If more than one person is using your Linux machine at home, or you are managing a server that provides access to multiple users, the
useradd command is essential for creating users.
Also, many of the services you use as a developer may require their own user accounts to function. So even as a solo dev on your own machine, you may find yourself reaching for these commands when you install MySQL or something similar.
You can get a full overview of the various options available to you by viewing the man page for the utility:
But if that is overwhelming, here's a breakdown of some of the common options you might use when creating a user.
Create a user
The simple format for this command is
useradd [options] USERNAME.
useradd test (as the root user - prefix with
sudo if you are not logged in as root).
This will create a user called test, but it's a limited operation and will not create other useful things like their home directory or password!
Add a password
You then add a password for the test user by using the
passwd test. This will prompt you to enter a password for the user.
There is an option for adding an encrypted password via the
-p option on
useradd, but this is not recommended for security purposes.
Note that the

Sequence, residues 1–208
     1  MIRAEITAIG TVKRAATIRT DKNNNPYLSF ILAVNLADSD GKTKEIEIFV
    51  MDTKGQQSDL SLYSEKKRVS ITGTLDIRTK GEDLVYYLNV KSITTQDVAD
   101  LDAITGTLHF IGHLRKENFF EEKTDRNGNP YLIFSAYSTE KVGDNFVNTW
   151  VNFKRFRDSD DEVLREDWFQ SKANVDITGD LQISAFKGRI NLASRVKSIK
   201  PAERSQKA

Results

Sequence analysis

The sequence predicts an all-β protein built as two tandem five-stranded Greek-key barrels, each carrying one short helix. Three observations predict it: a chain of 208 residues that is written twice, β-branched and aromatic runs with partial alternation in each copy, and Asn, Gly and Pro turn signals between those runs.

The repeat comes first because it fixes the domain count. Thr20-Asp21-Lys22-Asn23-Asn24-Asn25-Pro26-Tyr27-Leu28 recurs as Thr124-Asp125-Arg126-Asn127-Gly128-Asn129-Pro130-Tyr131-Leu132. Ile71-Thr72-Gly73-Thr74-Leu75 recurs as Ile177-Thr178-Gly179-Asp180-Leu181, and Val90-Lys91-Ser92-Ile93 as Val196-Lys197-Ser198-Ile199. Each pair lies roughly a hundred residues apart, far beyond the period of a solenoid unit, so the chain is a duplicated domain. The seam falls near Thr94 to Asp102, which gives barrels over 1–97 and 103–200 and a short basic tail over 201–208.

-p option doesn't allow you to input a plaintext password, it expects you to encrypt it first. This is intentionally difficult, because you should not do it! Just use the
Other common options
In order to create a user with the default home directory use the following option:
useradd -m test
This user now has a /home/test directory.
To change the home directory, you can pass an extra option to modify this, for example:
useradd -m -d /alternate test
By default, your created users will likely have the default login shell bin/bash or bin/sh, which will be defined in
You can override this default with the
useradd -s usr/bin/zsh test
Putting it all together
To construct the whole command, you put the options in one after another - the order does not matter - and end with the username you wish to create.
So creating a user with a home directory and a customized shell would look like this:
useradd -m -s /usr/bin/zsh user
And then you would add a password for the user:
Read the Fine Manual
Now that you've seen the basics of what this tool can do, hopefully the man page is a little more navigable.
man useradd will show you how to add things like expiry dates on the account, assign groups, and so on.